and said I was going to stay at her
place with my cousins Sean and Todd
and Todd’s new family.
After meeting them for only a few
minutes, I felt I had known them
my whole life. I ended up staying
4 months. Between carvings, I logged
that Summer.
In the Fall of that year, I worked
as a substitute teacher, teaching
art and language for a short
time. We taught each other the
Nisga’a language. A person could
spend a lifetime learning their protocol
and culture. I attended many feasts
during those months.
From left: Ethel Wilson, mother of Vince’s
mother Thelma, with Ethel’s grandmother
Rebeca Wilson, circa 1947
how to carve. I started at the top
of the pole. If I made a mistake,
nobody would notice. The good carvers
work at the bottom.
Even though I was being eaten
alive by the large northern mosquitoes,
I was ecstatic. At the end of the first
day, around 9 pm—bitten, cut, and
tired—I did not want to stop working.
My tribal grandmother Grace Azak
had heard of my arrival and came over
to the carving shed to meet me. She
had been praying for years to meet my
three brothers and me. I was almost
in shock that she knew who I was.
She gave me a huge hug and, with
tears of joy, asked where I was staying.
I told her I had planned to stay in my
camper. She asked me to follow her
After meeting them for only
a few minutes, I felt I had
known them my whole life.
I ended up staying 4 months.
The big day was October 16; the
new bridge was going to open. Before
that, the only way to get across the
Nass River was to cross a suspension
bridge—built in the ‘50s—on foot. All
household furniture and appliances
were carried over the bridge.
The event was so big, 4 totem
poles were to be put up at the bridge
entrances—2 on each side. The
Eagle pole was carved by Norman
Tait’s brother Alver Tait; the Frog pole
was done by Chester Moore, Merlin
Robinson, Richie Morgan, Brad Tait,
and myself; the Killer Whale pole was
Bear Forehead Mask
Volume 20 Number 1 Spring 2011
carved by Murphy Stanley; and the Wolf
pole by Dennis Nyce. There was a big
opening ceremony with singing and that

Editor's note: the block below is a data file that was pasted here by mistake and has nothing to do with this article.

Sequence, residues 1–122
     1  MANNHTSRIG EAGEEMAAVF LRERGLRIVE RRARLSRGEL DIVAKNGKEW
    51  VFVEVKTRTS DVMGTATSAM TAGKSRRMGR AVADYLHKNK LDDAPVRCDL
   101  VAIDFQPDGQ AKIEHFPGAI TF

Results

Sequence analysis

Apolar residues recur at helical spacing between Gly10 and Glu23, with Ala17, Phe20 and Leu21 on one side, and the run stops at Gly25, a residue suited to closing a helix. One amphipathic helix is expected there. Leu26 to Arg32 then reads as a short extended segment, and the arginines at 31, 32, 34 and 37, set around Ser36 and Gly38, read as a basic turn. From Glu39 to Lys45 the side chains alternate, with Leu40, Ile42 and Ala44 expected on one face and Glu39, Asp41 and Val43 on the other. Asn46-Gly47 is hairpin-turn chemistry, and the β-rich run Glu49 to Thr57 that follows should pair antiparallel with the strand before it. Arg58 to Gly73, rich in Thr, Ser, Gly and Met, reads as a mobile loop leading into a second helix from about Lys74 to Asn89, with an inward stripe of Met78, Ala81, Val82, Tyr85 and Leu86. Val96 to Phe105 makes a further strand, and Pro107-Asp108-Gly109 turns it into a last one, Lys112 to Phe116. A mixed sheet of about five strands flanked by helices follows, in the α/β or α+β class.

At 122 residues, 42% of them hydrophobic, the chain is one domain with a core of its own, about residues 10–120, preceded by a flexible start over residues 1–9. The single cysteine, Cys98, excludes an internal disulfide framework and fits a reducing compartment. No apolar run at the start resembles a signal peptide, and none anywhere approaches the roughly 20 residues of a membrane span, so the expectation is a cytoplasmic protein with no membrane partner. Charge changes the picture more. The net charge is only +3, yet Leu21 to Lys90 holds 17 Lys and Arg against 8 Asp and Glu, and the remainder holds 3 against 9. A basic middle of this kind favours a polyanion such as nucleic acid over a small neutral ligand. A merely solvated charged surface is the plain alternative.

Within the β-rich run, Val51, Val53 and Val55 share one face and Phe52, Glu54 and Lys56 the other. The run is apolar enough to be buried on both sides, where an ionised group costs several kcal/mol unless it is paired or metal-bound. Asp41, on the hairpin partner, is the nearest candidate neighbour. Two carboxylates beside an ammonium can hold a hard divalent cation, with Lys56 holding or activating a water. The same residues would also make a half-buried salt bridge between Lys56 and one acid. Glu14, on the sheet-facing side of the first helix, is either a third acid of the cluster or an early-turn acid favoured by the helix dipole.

night, a large feast with dancing.
Dennis Nyce was the first person
in Gitwinksihikw to dance a mask in
maybe a hundred years. Named “Happy
Hearted Man,” the mask belonged to his
family. I now own that mask.
After my 4-month stay, I headed
back to Vancouver to catch up on my
bills and soon met my mentor Norman
Tait and his wife/muse Lucinda Turner.
I ended up working under the two
of them for a year.
Norman once asked me how
much I wanted to get paid. I didn’t
need the money that bad at the time
and I told Norman, “Don’t give me
any fish. Just teach me how to catch
them.” He liked that. Norman and
his wife were very generous with
their time. I was delighted to be
learning so much. I also worked with
renowned multimedia artist David
Neel. We worked together for a few
years, completing many projects. In
2002, we did a pole for Vancity that
now proudly stands at the Lynn Creek
Branch in North Vancouver.
I invited my brother Brandon to
Norman’s house many times to work
on Norman’s art. Brandon and I also
spent many afternoons working on art
at my old studio in North Vancouver.
Brandon has huge potential. I also
mentored my cousin Shauna Atleo who
is Nuuchahnulth and Nisga’a. She has
sold masks to various galleries.
Wolf Forehead Mask
The Scrivener
35
Frog Bowl, made with alder wood
and operculum shells
M
y older brother Vince
has been a mentor for
me all through my life.
At Ambleside Beach, West Vancouver. From left: Chester’s daughter Delhia Nahanee,
his wife Mary, my tribal grandfather and now main Chief Chester Moore, me, and
my daughter Emma Fairleigh. This day, we participated in the Salmon ceremony,
a way to honour the salmon.
I am fortunate to have shared
a work space with some renowned
carvers such as Jordan Seaward,
Winadzi James, Peter Smith, and Ian
Reid. Our studio was a Mecca for
visiting artists such as Reg Davidson
and Russell Smith.
In the Summer of 2009, I was
the artist in residence at the UBC
Museum of Anthropology. VIPs such
as the Emperor and Empress of Japan,
the Prime Minister of Germany, the
President of Latvia, and many others
visited the Museum. I was working on
a large 38-inch moon mask that will
be cast in bronze and am currently
in talks with a philanthropist to have
I also mentored my
cousin Shauna Atleo who is
Nuuchahnulth and Nisga’a.
She has sold masks to
various galleries.
the mask donated to the Museum
of Anthropology.
I will be donating three castings
in a composite material to the Alpine
Club of Canada for the Spearhead huts
project in Whistler. When the castings
are finished this Summer, I will start
a large contemporary Northern canoe
project based on the Nisga’a law
of utilizing the latest in technology
and education. That will be a very
expensive and time-consuming project.
I am looking forward to it. s
Vince Fairleigh belongs to the Frog
Clan of the Nisga’a Nation. He received
his ancestral Nisga’a name W’iiyuu in
2002. He has completed and worked
on many projects. His work has been
showcased in 14 multi-artist art shows
at all the prestigious galleries in
Vancouver and Seattle.
Frog Prince Mask, owned by our family
36
From teaching me how to ride
a bike to keeping me safe when we
were younger, he was there for me.
The biggest thing my brother did for
me was get me into carving. I was 27
years old and recovering from being
hit by a car while riding my bike 3
years earlier. I was struggling with
a head injury and had a lot on my
mind. I needed direction.
Vince came to my house and
said, “You should start carving!” He
took me to a place that sold carving
tools. I was shocked at how expensive
they were. I bought a few basic
tools—a straight edge, two curved
blades, and a chisel. I apprenticed
with Vince on my first piece—a small